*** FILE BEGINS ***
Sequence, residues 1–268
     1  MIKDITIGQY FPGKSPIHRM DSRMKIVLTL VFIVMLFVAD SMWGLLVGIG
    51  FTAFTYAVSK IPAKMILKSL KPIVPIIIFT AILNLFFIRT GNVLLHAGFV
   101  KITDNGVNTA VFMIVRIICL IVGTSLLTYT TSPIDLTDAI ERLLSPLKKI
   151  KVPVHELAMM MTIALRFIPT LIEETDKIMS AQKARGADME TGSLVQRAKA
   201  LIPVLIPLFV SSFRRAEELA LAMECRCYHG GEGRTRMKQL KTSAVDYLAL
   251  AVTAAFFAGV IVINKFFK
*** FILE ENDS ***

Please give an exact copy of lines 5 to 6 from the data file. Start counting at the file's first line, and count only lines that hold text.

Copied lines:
   151  KVPVHELAMM MTIALRFIPT LIEETDKIMS AQKARGADME TGSLVQRAKA
   201  LIPVLIPLFV SSFRRAEELA LAMECRCYHG GEGRTRMKQL KTSAVDYLAL